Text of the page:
What Marathon Running Taught Me About Being a Manager
With last week's Boston Marathon still fresh in the minds of runners and sports enthusiasts everywhere, I thought it would be a good week to compare the discipline and rigor of marathon running with the steadfastness and level of effort needed to be great manager.
Let's first consider what's required to properly train to run a marathon. You must:
Make the decision that you would one day like to run a marathon (we'll call this long term vision)
You must have a personal fortitude to say to yourself 'Yes, I can do this'
Do the needed research to learn how to safely and efficiently train for the event
Develop a long term training plan based on your research (six months to a year based on your starting level of physical ability and running background)
Define benchmarks (how fast you run) and milestones (how long you run) that are sprinkled throughout your training plan
Buying the right equipment based on your research and the advice of specialists (getting the right shoes, etc.)
Learn about topics that will maximize your chance of success, such as proper nutrition, proper hydration, and cross training
You must commit to properly execute your plan (this may mean getting up early on Sunday morning to run after a late dinner with friends the night before)
Dealing with obstacles like bad weather and injuries
Your must properly prioritize your life in a way that allows you to meet your goal of running 26.2 miles in a reasonable time, without ignoring other important priorities (your job) and your stakeholders (your spouse, family members, and friends)
During the training stage, you must compare your planned training to actual performance
You must be willing to modify your plan and/or goals based on actual performance
Lastly, on the day of the race, (or in my case, a long slow run) be willing to do the right things based on your planning, preparation, and common sense.
Now let's talk about management.
You must develop a long term strategy for your department to be sure it is moving in a direction that will best fit your company's short and long term goals
You must believe in yourself, believe in your team, and inspire those working for you to follow your vision
Do the needed research to learn how to convert your vision into the appropriate short term tactics and long term plan needed to realize your vision
Develop a business plan based your research
Include benchmarks, false deadlines, milestones in your plan to help maintain momentum and measure your progress
Get the best tools possible (based on budget of course) needed for your team to do the job in the best and safest possible way (software programs, machinery, testing tools, protective wear, etc.)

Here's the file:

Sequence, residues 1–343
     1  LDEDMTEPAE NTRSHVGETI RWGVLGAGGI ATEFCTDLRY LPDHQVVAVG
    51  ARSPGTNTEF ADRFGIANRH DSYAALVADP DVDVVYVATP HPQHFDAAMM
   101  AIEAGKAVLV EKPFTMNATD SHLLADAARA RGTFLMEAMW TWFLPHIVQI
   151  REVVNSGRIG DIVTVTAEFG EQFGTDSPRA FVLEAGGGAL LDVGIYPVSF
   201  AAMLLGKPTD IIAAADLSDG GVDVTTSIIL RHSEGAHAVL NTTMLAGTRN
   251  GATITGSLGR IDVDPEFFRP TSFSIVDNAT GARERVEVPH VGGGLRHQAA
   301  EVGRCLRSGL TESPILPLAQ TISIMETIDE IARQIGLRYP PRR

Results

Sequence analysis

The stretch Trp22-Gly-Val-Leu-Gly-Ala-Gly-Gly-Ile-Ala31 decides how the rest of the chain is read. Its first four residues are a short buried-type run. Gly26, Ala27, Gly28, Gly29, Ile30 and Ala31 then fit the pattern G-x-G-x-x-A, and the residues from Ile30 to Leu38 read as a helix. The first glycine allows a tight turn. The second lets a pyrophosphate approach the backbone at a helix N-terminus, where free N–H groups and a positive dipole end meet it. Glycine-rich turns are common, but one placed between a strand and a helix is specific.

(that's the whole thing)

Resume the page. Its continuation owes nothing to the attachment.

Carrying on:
Learn about topics that are important, but ancillary, to your primary task, such as industry trends, current economic conditions, company sales forecasts
Show your personal commitment and insist on your team's commitment to properly execute the plan, even when it sometimes gets tough
Dealing with obstacles like employee turnover, tight annual budgets, conflicting priorities, and other business issues
Work with your manager and others to define the appropriate business priorities in a way that helps you meet your goals as well as your department's commitments to others
Continually compare your plan to your actual progress in regard to budget, project milestones, and other Key Success Factors (KSFs)
Be willing to modify your plans if business necessities arise
On a day-to-day basis, be willing to do the right thing for your customers, your company, your team members, and yourself.
The moral of this comparison isn't that you should run a marathon, even though it is an incredible experience and accomplishment. The moral is that being a great manager requires personal commitment, the strength of character to do the right thing even if it's hard, the willingness to do your homework before making difficult decisions, the ability to plan ahead, and have the steadfastness to follow through on your plans toward their desired result.
The primary advice and takeaways from today's column is to know that:
Like running a marathon, being a great manager requires personal strength, personal character, hard work, commitment, vision, planning, and proper preparation.
This blog is an excerpt from my weekly nationally syndicated column with GateHouse News Service. My new columns can be found in GateHouse Media publications throughout the United States.
Until next time, manage well, manage smart, and continue to grow.